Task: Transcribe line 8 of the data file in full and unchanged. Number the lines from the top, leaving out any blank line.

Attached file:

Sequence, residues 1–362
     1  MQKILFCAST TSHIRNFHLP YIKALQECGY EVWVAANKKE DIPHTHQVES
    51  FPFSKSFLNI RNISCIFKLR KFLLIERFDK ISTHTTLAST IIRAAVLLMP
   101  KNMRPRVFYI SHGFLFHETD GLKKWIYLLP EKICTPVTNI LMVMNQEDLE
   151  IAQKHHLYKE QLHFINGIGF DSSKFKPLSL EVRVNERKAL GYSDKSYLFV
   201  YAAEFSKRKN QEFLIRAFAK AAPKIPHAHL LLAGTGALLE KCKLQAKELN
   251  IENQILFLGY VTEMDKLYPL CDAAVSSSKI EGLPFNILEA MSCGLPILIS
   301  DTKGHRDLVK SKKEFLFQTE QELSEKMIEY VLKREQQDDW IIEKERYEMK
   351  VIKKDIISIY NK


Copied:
   301  DTKGHRDLVK SKKEFLFQTE QELSEKMIEY VLKREQQDDW IIEKERYEMK